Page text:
Expect Rep. Paul Ryan's proposal that cuts federal spending by $6 trillion over 10 years to get shredded by his political opponents. Some aspects of it deserve to be shredded.
But first, Americans should commend the Republican from Wisconsin for having the guts to do what almost every politician from both parties has failed to do: Offer a serious and specific proposal that tackles the country's unsustainable and skyrocketing debt.
With Democrats controlling the Senate and the White House, Ryan's plan will not become law. But as chairman of the House Budget Committee, Ryan has the stature to force a desperately needed national debate over what kind of pain we as a country are willing to tolerate to get our fiscal house in order.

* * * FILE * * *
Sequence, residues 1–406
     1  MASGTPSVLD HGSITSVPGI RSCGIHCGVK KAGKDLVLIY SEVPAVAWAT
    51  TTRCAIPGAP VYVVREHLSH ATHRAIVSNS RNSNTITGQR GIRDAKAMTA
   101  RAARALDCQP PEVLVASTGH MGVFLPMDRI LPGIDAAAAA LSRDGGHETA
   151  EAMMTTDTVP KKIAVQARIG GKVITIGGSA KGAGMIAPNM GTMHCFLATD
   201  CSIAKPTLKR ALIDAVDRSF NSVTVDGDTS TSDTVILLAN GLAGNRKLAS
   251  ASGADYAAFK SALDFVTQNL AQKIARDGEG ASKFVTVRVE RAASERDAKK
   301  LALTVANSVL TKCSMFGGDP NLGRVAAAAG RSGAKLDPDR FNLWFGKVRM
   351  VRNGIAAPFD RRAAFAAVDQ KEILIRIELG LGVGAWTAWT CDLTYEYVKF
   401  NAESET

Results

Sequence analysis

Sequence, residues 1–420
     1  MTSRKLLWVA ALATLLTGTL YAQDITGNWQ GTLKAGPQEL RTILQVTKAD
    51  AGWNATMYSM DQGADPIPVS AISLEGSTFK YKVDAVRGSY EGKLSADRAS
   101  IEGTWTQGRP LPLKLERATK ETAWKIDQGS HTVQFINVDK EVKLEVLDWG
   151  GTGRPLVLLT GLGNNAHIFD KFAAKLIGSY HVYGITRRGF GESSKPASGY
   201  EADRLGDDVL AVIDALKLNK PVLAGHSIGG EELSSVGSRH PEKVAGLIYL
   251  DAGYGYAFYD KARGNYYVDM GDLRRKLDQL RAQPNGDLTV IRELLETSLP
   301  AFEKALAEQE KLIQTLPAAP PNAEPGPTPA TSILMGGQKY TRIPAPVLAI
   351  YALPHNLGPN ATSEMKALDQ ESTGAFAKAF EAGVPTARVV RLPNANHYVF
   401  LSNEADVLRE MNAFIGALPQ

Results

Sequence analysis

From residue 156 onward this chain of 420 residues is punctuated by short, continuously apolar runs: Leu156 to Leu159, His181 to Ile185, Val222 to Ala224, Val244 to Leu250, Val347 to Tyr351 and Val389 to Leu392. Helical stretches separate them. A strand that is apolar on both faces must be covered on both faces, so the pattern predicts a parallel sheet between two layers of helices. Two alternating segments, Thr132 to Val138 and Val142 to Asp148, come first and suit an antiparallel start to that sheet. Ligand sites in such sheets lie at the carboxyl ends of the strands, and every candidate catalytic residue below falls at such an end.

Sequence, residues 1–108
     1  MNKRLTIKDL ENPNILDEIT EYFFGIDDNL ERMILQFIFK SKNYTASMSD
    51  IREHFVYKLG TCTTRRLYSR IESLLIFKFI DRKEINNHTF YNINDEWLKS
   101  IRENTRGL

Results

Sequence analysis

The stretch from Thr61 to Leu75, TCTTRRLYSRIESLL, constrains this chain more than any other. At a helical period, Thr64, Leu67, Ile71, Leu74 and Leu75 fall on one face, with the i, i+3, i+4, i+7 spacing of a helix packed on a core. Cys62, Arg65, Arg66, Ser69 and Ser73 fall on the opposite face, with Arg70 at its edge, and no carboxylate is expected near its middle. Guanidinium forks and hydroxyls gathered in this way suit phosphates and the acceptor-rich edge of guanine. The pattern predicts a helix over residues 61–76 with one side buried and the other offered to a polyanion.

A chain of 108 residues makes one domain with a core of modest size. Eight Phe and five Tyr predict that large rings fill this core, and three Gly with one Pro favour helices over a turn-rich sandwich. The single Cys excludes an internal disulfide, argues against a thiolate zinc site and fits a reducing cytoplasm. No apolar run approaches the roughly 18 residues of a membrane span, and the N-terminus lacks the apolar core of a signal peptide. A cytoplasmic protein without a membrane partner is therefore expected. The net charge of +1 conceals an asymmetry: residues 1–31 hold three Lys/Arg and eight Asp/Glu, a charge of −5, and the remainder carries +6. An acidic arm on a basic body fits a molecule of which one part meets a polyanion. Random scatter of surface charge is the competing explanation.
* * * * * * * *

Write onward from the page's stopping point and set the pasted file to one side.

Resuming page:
That it is out of order is beyond argument. The federal debt is north of $14 trillion and is climbing by more than a trillion a year. We borrow 37 cents of every dollar we spend. More importantly, the U.S. debt as a percent of GDP is the highest it has been since the country was founded, except during and immediately after World War II. With retiring baby boomers poised to nearly double the number served by Medicare over the next 20 years, the problem will move from ominous to debilitating.
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